OTTAWA—Judging by the products teleprompters manufacturers introduced at the 2016 NAB Show, today’s TV stations want prompters that can run on low-cost platforms like iPads, yet can stand up to the brightest light that the sun can throw at them.
DESIGNED FOR THE LARGER IPAD
Autocue has updated its prompting solutions designed specifically for the Apple iPad Pro. The company (a Vitec Videcom brand) is pitching its existing Starter Series iPad Teleprompter for the 9.7-inch iPad Pro, while the latest update to the Starter Series is being targeted to users of the 12.9-inch iPad Pro. Both come with camera hood mounts and angled glass that allow either unit to reflect its text directly in front of the camera lens; allowing talent to read while looking into the camera.
Autocue’s iPad Pro Prompter is compatible with both the 9.7-inch and new 12.9-inch models. The 12.9-inch model was just introduced onto the market earlier this year and its larger size makes it more versatile for broadcast operations, according to Robin Brown, product manager for Autocue/Autoscript. “For the talent to use [the 9.7 inch iPad Pro] as a prompter, the equipment has to be six feet or closer,” he said. “When you use the 12.9-inch iPad Pro, its larger screen allows the camera to be as far as 15 feet away from the talent, while the text remains readable. This makes the 12.9-inch version practical for most TV production studios.” The 12.9-inch version of Autocue’s Starter Series iPad Teleprompter also allows text speed and direction to be controlled using an iPad/iTouch device, or an optional wired remote.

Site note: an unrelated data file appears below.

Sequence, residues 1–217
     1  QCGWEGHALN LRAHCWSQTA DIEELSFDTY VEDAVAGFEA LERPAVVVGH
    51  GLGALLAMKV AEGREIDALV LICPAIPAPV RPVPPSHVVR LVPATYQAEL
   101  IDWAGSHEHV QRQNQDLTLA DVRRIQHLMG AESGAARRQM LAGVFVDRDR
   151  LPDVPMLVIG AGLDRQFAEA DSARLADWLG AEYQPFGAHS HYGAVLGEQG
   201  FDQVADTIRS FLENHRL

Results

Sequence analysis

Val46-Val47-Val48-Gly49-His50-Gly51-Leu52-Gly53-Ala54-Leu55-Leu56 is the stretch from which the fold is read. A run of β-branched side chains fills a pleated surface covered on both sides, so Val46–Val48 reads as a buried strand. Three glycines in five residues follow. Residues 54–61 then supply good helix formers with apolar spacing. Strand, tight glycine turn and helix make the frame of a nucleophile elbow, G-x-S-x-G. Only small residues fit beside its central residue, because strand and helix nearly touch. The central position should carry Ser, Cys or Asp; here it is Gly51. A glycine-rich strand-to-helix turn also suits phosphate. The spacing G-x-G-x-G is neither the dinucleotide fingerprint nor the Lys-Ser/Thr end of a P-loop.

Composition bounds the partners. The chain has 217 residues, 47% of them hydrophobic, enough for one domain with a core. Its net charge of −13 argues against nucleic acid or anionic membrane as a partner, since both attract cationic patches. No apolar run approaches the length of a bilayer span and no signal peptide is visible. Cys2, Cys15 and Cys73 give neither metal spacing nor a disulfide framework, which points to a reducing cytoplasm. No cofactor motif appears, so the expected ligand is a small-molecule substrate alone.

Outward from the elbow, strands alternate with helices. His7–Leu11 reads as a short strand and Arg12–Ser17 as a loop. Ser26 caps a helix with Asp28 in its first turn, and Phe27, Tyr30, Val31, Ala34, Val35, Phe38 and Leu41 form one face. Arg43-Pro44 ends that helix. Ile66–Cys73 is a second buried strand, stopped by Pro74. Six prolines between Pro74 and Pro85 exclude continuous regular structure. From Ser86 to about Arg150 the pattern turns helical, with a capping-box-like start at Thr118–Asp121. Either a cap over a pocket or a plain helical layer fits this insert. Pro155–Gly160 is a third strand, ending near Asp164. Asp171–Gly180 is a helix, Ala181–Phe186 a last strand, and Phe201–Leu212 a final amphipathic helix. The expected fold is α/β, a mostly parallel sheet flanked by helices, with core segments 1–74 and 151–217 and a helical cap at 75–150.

Autocue has also announced that it has adopted NewTek’s open Network Device Interface (NDI) standard, for IP-based production workflows associated with Autocue’s QStart Prompting Software. “With NDI enabled, Autocue’s QStart is recognized as a source by other NDI-enabled devices and systems connected to a standard Ethernet local area network,” said Brown. “This exponentially increases the number of video sources available for live production without the need for a physical input or output.”